\*glom - to mash, to moosh, to adjoin with reckless abandon (trademark pending) ; )

Wednesday Jul 12, 2006

Atomized Services

Today I added to my blog a start of the description of Atomized Services - and why the opensource community for portlets can become a great asset to enterprises, governments, and individuals. 

See link.

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Tuesday Jul 11, 2006

What a Portal Provides

Why use a portal when building a new service for your community rather than a web page, or a web site, or a web application or a rich application or other presentation layer method?

Below are a few items which initially seem like a set of criteria for determining if a project should be constructed with a portal or not, however, they may be even more insightful when thinking about the evolution of presentation services and the combination of user interface and web site design methods.
  1. Portal Services - a portal platform comes with several items, a portlet design tool, a page layout tool, a portlet container and support for WSRP and Interportlet communication, a desktop personalization system (individual can select / arrange content), a content management system, a human workflow application development system, an integrated search engine, an identity / policy management system or integration, a system for end user service creation and group collaboration.
  2. Presentation Service Aggregation - A portal provides a desktop to assemble multiple portlets into portal pages with associated navigation.  As an example, a set of portlets could be grouped into a portal page (aka, a tab) and added to an existing portal desktop.  A different set of portlets can be grouped into another page and added as a tor as as a subtab to an existing tab, etc.  Aggregation allows new services to be either added/deleted/modified to the default presentation layer or "made available" to users allowing them to add/delete/modify their displayed content.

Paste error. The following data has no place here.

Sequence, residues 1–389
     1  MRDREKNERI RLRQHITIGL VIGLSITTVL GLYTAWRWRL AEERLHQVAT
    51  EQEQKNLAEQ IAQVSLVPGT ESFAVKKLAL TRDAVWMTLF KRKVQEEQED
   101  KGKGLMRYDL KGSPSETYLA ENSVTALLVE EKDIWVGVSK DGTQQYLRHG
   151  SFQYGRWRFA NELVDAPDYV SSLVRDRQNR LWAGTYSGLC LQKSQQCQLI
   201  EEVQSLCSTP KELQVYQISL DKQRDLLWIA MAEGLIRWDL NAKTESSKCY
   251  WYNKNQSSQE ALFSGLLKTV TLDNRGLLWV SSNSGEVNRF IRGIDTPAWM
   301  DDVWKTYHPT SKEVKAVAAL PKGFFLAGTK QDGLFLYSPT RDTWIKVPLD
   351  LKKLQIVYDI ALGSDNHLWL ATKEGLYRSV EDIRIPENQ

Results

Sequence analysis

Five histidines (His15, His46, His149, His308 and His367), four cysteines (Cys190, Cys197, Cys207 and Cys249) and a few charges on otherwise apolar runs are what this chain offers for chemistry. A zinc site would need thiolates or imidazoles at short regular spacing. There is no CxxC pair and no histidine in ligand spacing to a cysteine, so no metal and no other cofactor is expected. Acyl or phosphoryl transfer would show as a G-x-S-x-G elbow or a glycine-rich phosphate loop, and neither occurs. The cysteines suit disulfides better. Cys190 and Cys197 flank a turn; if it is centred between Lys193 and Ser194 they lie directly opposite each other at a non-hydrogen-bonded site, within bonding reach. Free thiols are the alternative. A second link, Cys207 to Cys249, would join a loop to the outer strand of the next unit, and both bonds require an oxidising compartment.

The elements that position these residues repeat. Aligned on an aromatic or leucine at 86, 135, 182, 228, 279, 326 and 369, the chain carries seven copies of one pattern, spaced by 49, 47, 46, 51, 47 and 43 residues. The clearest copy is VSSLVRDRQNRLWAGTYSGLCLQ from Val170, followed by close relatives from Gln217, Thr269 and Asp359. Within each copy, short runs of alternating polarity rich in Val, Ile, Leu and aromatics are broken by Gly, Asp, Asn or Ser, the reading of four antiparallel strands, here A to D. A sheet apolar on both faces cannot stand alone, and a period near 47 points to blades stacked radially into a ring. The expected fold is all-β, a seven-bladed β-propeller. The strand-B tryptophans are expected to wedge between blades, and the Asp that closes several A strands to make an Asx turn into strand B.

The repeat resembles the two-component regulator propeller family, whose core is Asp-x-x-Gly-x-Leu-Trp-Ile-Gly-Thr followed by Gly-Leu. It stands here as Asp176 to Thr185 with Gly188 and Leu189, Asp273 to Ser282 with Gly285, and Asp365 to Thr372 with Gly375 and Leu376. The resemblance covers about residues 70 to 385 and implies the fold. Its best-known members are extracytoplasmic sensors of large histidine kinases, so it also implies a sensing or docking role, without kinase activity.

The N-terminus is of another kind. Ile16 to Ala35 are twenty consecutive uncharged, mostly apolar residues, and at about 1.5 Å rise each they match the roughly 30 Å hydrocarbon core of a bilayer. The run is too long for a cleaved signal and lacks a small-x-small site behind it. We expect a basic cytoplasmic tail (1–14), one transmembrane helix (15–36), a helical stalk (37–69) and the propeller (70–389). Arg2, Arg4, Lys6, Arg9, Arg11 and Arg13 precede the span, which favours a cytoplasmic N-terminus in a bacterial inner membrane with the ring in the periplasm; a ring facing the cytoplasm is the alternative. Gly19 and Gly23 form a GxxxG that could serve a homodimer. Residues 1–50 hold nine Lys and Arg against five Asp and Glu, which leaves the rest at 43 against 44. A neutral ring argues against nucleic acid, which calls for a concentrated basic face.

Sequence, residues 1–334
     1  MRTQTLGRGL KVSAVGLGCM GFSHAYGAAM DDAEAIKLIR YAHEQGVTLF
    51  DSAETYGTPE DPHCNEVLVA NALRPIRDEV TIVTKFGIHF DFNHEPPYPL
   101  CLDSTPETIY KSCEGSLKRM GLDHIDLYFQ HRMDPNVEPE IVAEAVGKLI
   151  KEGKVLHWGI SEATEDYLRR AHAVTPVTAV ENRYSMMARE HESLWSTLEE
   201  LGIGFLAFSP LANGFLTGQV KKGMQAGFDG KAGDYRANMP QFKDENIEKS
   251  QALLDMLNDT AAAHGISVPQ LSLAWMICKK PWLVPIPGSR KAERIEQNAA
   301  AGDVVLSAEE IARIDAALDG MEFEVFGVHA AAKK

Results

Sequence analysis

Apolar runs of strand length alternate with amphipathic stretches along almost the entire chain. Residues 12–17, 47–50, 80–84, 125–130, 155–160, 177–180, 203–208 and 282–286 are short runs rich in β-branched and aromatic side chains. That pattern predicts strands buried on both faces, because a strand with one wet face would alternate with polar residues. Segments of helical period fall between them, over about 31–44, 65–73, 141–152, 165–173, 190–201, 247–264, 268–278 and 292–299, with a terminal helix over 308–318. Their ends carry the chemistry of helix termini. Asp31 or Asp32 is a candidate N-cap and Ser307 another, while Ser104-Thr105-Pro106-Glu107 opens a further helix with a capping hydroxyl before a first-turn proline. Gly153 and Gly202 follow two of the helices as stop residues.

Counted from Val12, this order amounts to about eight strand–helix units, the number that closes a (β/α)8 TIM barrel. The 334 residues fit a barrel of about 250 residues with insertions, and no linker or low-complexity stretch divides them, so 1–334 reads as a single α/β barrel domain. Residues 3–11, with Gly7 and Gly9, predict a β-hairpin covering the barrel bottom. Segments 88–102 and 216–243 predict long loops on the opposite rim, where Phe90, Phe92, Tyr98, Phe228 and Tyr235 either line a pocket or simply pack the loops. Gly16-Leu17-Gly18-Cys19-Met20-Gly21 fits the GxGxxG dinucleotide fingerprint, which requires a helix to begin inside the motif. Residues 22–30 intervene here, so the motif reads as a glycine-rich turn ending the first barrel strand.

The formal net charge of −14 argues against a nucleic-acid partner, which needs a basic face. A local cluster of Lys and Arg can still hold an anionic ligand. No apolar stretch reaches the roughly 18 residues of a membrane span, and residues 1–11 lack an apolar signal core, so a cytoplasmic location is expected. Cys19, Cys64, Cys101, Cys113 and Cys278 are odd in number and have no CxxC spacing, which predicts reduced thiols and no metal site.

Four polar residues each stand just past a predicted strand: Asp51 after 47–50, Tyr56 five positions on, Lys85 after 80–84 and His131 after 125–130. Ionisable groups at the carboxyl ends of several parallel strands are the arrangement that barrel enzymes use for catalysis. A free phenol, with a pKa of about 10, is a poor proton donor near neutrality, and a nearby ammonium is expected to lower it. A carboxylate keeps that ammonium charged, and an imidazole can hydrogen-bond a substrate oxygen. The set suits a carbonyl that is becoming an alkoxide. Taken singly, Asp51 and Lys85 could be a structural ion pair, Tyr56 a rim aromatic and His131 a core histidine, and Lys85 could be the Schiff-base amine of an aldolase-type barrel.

3. Identity Based Content Delivery - A portal fully integrated with an identity management system allows the content to be deployed to the portal depending on a users role.  A specific portal page or portlet can then be made available to individuals based on their identity realms, orgs, roles, etc.  IBCD provides one of the most significant developments in portals, and provides a powerful method for both determining an organization's productivity as well as ensuring security  / policy compliance for all services in an enterprise.
  4. Atomized Presentation Services -  A web application can be built in a portlet as either, a full application inside a single portlet with full page flow, a set of portlets, with interportlet communication and individual page flow, or as an atomized function of a full web application.  As an example for this last method, an inventory control system could be built as a full web application.  Additionally, a portlet can be developed which allows managers (if given access to the portlet using IBCD), to see when widgets cross below a specific threshold.  The portlet could have additional functionality which allows the manager to set thresholds per widget.  The portlet could further allow the manager to click widgets displayed, which would open a new browser window, passing the widgets attributes to a web application allowing the manager to order new widgets.  A portal page could contain multiple atomized services which is then deployed to specific users, groups, orgs depending on identity policy.  Additional atomized services can then be easily added to the enterprise (or modified, or deleted, or replaced) without affecting the existing enterprise site design.
  5. User Preferences and User Personalization - As stated in Presentation Service Aggregation, a great number of portlets can be available to users which they individually can add/delete/modify from their default display.  Utilizing the new AJAX desktop from Sun, users can drag/drop/preview/add portlets to their pages, creating a customized view/desktop which suites their needs best.  Leveraging the concept of atomized services, the enterprise could more services which users leverage or not depending on the services usefulness to them "individually".